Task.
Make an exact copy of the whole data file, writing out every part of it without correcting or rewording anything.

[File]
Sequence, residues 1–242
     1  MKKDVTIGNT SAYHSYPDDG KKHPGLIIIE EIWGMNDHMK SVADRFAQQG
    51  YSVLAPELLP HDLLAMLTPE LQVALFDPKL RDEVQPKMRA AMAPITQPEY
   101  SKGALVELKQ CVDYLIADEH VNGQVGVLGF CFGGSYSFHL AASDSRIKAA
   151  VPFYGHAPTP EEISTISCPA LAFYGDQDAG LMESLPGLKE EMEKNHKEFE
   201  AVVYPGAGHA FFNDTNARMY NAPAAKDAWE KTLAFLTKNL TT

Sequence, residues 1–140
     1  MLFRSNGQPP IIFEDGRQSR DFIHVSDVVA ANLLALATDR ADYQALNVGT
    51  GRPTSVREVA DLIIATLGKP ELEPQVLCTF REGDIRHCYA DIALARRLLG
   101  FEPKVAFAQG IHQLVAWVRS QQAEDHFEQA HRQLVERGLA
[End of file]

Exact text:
Sequence, residues 1–242
     1  MKKDVTIGNT SAYHSYPDDG KKHPGLIIIE EIWGMNDHMK SVADRFAQQG
    51  YSVLAPELLP HDLLAMLTPE LQVALFDPKL RDEVQPKMRA AMAPITQPEY
   101  SKGALVELKQ CVDYLIADEH VNGQVGVLGF CFGGSYSFHL AASDSRIKAA
   151  VPFYGHAPTP EEISTISCPA LAFYGDQDAG LMESLPGLKE EMEKNHKEFE
   201  AVVYPGAGHA FFNDTNARMY NAPAAKDAWE KTLAFLTKNL TT

Sequence, residues 1–140
     1  MLFRSNGQPP IIFEDGRQSR DFIHVSDVVA ANLLALATDR ADYQALNVGT
    51  GRPTSVREVA DLIIATLGKP ELEPQVLCTF REGDIRHCYA DIALARRLLG
   101  FEPKVAFAQG IHQLVAWVRS QQAEDHFEQA HRQLVERGLA